Jordan Spieth qualified for the Greenbrier Classic with a sixth-place finish at the AT&T National.
WHITE SULPHUR SPRINGS, W.Va. - To say 19-year-old Jordan Spieth has exceeded his expectations in his short professional career is an understatement.Not anybody else's expectations, his own.The two-time U.S. Amateur champion knew he could play big-time golf, having made a PGA Tour cut at age 16 and finishing 21st in the 2012 U.S. Open. But ..."I really planned on playing the Web.com Tour this year," he said Tuesday. "Trying to get to a good start there and play in as many events as I could, which is what I thought was going to happen to begin with."
Spieth will tee it up at the Greenbrier Classic at 8:30 a.m. Thursday, going off the 10th tee.The Dallas native's first shot at making either tour came in November, and it fizzled just as quickly when he failed to advance to the final stage of "Q School." He wouldn't say at the time if he was still turning pro, or if he would return to the University of Texas to continue his sophomore season.He turned pro in December, planning to play on sponsor's exemptions from the beginning of the new year. With his successful amateur career and a manager with good connections, Spieth had no problem making enough fields on the Web.com and PGA tours.For the record, he played on the Web.com in Panama and Colombia, earning top-10 finishes in both. But when he left Colombia on March 3, he was going to leave the "Triple-A" tour for good.He just didn't know it yet.With a 22nd-place finish at Pebble Beach already in his bag, he nearly went to a playoff in the Puerto Rico Open. He followed that second with a seventh in the Tampa Bay Championship and upped his earnings total to $521,893.That total gave him special temporary member status on the Tour, and his seven-exemption limit was lifted. Three top-10s later, Spieth arrives at The Greenbrier having blown by the $1 million mark and clinching his card for 2014."He's a 19-year-old, already rich," said golfing great and CBS analyst Nick Faldo. "Don't you just hate that?"But everybody loves watching him play. He is creating quite the buzz"Jordan is certainly unique among the players now that get on the Tour," said another golfing great, Tom Watson. "The Tour is going to a whole new qualifying system where the Web.com Tour is the only way you can qualify, basically - unless you can do what Jordan Spieth's done."That's remarkable."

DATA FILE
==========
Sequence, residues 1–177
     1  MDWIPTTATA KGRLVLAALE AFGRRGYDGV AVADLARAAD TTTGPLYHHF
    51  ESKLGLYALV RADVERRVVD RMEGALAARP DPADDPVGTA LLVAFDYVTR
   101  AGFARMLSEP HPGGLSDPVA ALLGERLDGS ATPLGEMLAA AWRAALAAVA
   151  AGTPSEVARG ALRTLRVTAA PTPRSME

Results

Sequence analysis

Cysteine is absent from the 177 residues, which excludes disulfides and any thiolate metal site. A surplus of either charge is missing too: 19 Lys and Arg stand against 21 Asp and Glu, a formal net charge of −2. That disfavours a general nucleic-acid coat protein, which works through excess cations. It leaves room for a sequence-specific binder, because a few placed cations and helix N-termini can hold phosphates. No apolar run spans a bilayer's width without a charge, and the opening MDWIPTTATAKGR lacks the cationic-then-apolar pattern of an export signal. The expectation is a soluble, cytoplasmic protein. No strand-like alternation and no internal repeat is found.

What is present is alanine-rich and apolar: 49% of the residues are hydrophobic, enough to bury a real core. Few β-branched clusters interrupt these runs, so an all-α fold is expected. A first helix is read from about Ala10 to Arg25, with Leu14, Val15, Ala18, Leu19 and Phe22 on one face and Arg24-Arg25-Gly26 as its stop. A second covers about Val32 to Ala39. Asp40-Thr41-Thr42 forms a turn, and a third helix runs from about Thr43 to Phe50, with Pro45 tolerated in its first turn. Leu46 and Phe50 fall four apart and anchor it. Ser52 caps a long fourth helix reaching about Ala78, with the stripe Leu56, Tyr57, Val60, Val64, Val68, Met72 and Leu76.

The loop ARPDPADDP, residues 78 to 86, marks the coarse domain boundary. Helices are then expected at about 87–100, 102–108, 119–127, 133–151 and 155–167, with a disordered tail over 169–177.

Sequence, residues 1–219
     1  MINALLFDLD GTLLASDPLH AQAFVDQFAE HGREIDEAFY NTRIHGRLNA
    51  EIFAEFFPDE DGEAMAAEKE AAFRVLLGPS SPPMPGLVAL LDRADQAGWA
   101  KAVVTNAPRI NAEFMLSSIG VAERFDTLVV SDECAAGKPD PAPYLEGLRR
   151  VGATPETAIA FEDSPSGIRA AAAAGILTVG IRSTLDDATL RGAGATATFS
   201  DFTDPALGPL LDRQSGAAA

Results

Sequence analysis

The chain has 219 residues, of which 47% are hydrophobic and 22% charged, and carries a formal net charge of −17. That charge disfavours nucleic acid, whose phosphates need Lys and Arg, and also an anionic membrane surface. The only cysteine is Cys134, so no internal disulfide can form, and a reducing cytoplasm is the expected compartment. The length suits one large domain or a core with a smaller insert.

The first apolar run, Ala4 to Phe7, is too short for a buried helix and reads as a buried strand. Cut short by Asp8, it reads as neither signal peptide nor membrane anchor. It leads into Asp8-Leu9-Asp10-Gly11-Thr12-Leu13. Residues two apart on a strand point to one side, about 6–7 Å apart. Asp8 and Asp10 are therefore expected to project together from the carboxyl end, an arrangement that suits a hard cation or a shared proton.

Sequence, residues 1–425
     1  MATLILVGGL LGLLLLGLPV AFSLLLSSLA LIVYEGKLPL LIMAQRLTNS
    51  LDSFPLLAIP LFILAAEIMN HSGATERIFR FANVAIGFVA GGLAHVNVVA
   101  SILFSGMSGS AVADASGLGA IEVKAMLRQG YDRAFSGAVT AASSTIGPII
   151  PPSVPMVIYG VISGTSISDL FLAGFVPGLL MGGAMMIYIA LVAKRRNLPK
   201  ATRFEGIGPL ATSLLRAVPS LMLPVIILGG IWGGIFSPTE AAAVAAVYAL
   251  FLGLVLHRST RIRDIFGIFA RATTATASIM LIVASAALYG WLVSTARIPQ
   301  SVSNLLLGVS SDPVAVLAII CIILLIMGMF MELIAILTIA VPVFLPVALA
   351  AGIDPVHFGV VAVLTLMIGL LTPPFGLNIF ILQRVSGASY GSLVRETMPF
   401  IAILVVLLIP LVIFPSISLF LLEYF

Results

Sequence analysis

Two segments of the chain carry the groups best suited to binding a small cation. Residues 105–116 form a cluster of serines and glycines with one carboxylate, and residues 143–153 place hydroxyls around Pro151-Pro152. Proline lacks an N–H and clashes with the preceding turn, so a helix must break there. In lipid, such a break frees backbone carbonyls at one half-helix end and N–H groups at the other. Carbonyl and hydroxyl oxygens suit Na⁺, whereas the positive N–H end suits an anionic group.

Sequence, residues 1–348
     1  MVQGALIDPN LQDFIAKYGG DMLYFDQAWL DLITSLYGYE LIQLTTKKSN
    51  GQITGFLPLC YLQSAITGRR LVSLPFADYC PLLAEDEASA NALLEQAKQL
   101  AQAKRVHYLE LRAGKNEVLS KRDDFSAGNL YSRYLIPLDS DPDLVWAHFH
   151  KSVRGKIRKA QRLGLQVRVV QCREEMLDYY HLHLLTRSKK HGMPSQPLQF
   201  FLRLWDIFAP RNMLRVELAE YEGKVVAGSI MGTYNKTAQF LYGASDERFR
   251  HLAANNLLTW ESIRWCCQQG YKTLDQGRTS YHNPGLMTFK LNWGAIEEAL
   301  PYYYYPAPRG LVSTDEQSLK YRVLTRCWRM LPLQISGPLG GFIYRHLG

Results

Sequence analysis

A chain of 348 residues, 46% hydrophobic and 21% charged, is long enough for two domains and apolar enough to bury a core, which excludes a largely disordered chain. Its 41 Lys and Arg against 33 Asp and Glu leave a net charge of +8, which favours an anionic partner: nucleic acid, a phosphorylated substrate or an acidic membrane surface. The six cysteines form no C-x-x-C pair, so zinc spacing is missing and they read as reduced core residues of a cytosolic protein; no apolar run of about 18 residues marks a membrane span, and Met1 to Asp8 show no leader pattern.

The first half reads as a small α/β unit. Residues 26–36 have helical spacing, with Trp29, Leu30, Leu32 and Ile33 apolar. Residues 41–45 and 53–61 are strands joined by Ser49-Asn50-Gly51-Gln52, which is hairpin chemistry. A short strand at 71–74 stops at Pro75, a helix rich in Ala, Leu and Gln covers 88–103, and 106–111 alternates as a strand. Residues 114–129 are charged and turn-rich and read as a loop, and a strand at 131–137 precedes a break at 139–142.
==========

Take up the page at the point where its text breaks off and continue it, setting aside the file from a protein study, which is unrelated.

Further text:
Resort owner Jim Justice has been paying attention, and was eager to give Spieth an exemption. As it turned out, Spieth didn't need it, automatically qualifying with a sixth-place finish last week at the AT&T National in Bethesda, Md."Jordan is an incredible talent. That's just plain all there is to it," Justice said. "And what a career he's got in front of him. He'll have to keep his head straight and I'm sure he will, [but] I don't know the young man personally to say that he's got everything all together."Golf is a tremendously demanding game, and if you just tweak your mindset or your confidence just in the least little bit, I mean the wheels can really fly off and it's difficult to get back."You mean, like Rory McIlroy? The one who changed his equipment from Titleist to the Nike swoosh and has swooned ever since?"Yeah, Rory very simply messed with a winning formula. That's the way I would put it," Faldo said. "He had an equipment company, he went from Rookie of the Year to world No. 1 and had been through a lot and thought he could start again."I tweeted right when it was announced: This is a dangerous move."
Spieth isn't at the point to make such a decision. He has yet to win a tournament, which he needs to do to enter the FedExCup playoffs.Right now, he's dialing in on the Old White TPC course and enjoying the West Virginia scenery. And he's enjoying being further along than planned."It's been a little bit of a surprise," he said. "I didn't think too far ahead; I wanted to stay in the present. In that sense, it's different."Reach Doug Smock at 304-348-5140, firstname.lastname@example.org or follow him at twitter.com/dougsmock.